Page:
BERLIN, GERMANY - NOVEMBER 14: People finish arranging candles into the word 'Paris' next to flowers and messages left at the gate of the French Embassy following the recent terror attacks in Paris on November 14, 2015 in Berlin, Germany. Hundreds of people came throughout the day to lay flowers, candles and messages of condolence to mourn the victims of attacks last night in Paris that left at least 120 people dead across the French capital. The Islamic State (IS) has claimed responsibility for the attacks that were carried out by at least eight terrorists.. (Photo by Sean Gallup/Getty Images)
PARIS, FRANCE - NOVEMBER 14: Bono and band members from the band U2 place flowers on the pavement near the scene of yesterday's Bataclan Theatre terrorist attack on November 14, 2015 in Paris, France. At least 120 people have been killed and over 200 injured, 80 of which seriously, following a series of terrorist attacks in the French capital. (Photo by Jeff J Mitchell/Getty Images)
PARIS, FRANCE - NOVEMBER 14: A woman cries near Le Petit Cambodge restaurant, the day after a deadly attack on November 14, 2015 in Paris, France. At least 120 people have been killed and over 200 injured, 80 of which seriously, following a series of terrorist attacks in the French capital. (Photo by Antoine Antoniol/Getty Images)
BERLIN, GERMANY - NOVEMBER 14: People arrive to lay candles and flowers at the gate of the French Embassy as the Brandenburg Gate stands behind illuminated in the colors of the French flag following the recent terror attacks in Paris on November 14, 2015 in Berlin, Germany. Hundreds of people came throughout the day to lay flowers, candles and messages of condolence to mourn the victims of attacks last night in Paris that left at least 120 people dead across the French capital. The Islamic State (IS) has claimed responsibility for the attacks that were carried out by at least eight terrorists. (Photo by Sean Gallup/Getty Images)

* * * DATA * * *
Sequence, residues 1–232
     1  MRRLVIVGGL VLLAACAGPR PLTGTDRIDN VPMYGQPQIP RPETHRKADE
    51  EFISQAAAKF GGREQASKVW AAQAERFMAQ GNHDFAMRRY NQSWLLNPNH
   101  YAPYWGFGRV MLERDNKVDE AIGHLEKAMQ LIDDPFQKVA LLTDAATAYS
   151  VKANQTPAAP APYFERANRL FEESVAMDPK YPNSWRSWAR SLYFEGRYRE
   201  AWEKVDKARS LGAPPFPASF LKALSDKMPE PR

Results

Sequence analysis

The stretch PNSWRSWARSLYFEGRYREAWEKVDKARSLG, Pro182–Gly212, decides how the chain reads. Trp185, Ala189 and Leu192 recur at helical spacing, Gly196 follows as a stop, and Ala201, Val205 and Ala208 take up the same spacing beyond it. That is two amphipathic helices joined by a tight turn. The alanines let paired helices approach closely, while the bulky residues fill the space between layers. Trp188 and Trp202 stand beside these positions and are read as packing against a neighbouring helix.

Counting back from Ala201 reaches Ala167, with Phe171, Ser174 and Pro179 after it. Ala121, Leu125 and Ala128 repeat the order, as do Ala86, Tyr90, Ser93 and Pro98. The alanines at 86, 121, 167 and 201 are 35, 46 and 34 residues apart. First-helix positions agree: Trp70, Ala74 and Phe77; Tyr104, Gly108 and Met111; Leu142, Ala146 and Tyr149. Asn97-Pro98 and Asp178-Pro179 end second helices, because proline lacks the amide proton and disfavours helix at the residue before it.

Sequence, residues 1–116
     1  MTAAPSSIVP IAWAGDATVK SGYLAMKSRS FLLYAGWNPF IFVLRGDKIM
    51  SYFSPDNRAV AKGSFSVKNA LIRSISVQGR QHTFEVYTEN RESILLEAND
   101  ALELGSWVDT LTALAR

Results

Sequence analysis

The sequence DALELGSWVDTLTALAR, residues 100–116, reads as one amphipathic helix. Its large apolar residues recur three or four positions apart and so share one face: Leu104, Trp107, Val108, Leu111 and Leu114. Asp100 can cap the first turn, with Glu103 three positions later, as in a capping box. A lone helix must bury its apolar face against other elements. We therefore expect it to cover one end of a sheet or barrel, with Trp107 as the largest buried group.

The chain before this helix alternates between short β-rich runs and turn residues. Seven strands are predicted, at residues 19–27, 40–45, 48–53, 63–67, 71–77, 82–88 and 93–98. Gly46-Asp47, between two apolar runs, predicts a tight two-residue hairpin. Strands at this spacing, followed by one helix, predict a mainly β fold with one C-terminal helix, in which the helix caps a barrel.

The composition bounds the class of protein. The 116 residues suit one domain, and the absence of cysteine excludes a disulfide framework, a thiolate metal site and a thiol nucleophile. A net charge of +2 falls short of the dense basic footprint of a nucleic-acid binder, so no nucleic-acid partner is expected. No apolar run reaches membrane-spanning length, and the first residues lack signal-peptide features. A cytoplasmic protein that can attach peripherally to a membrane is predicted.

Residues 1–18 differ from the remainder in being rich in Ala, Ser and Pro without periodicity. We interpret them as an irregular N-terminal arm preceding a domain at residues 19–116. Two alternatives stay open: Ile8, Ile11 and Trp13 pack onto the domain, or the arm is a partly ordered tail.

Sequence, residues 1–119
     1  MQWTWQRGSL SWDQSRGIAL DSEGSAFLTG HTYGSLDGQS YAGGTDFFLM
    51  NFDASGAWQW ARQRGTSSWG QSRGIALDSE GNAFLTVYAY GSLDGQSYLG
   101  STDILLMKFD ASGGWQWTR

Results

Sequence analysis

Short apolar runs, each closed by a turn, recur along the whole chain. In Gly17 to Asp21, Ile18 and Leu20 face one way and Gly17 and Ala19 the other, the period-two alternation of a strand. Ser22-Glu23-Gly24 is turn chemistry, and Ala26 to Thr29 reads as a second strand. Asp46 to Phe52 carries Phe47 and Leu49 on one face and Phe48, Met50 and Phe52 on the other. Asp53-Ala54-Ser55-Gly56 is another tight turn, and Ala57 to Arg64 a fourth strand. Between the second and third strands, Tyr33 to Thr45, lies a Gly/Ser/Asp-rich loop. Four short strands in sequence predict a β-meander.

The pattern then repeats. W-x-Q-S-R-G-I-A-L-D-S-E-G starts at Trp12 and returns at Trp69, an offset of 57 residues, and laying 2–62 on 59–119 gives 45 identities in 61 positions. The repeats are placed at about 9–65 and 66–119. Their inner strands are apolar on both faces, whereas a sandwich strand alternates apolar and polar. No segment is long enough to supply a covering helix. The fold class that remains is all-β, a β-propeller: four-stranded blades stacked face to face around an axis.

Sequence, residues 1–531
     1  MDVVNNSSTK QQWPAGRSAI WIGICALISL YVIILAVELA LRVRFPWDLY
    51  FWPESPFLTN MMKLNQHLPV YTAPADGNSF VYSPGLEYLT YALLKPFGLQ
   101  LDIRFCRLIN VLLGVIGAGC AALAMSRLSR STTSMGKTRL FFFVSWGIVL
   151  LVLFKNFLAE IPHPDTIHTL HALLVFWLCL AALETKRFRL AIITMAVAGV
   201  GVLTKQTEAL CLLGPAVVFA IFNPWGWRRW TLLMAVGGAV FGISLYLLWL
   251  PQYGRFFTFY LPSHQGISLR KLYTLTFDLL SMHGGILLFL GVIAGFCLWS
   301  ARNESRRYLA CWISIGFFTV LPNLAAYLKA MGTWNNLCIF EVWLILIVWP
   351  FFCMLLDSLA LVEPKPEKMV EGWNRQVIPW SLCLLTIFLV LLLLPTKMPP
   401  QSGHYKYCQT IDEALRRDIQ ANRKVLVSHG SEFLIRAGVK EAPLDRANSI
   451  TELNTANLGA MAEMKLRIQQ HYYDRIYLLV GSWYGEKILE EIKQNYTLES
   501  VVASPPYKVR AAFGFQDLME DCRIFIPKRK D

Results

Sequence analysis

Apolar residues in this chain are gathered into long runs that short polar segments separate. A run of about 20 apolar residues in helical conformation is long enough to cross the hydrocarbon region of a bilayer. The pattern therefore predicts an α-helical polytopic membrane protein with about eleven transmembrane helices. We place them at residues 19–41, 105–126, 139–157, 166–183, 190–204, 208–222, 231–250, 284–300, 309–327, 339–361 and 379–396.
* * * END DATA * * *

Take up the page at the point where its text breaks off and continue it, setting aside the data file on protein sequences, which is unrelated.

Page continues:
JERUSALEM, ISRAEL - NOVEMBER 15: Ultra Orthodox Jewish men pass as Jerusalem's Old City wall is illuminated with the colours of the French national flag to show solidarity for the victims of the Paris attacks on November 15, 2015 in Jerusalem, Israel. At least 129 people have been killed and over 300 are injured in Paris following a series of terrorist acts in the French capital on Friday. (Photo by Lior Mizrahi/Getty Images)
NEW YORK, NY - NOVEMBER 14: A woman cries outside of the Consulate General of France in New York the day after an attack on civilians in Paris on November 14, 2015 in New York City. At least 100 people were killed in a popular Paris concert hall, one of at least 6 terror attacks in the French capital. The French president Francois Hollande closed French borders following the attacks. (Photo by Spencer Platt/Getty Images)
French soldiers patrol the area at the foot of the Eiffel Tower in Paris on November 14, 2015 following a series of coordinated attacks in and around Paris late Friday which left more than 120 people dead. French President Francois Hollande blamed the Islamic State group for the attacks in Paris that left at least 128 dead, calling them an 'act of war'. The multiple attacks across the city late Friday were 'an act of war... committed by a terrorist army, the Islamic State, against France, against... what we are, a free country,' Hollande said. AFP PHOTO / FRANCOIS GUILLOT (Photo credit should read FRANCOIS GUILLOT/AFP/Getty Images)
PARIS, FRANCE - NOVEMBER 15: A rose is placed beside a bullet hole at La Belle Equipe restaraunt on Rue de Charonne following Fridays terrorist attack on November 15, 2015 in Paris, France. As France observes three days of national mourning members of the public continue to pay tribute to the victims of Friday's deadly attacks. A special service for the families of the victims and survivors is to be held at Paris's Notre Dame Cathedral later on Sunday.(Photo by Jeff J Mitchell/Getty Images)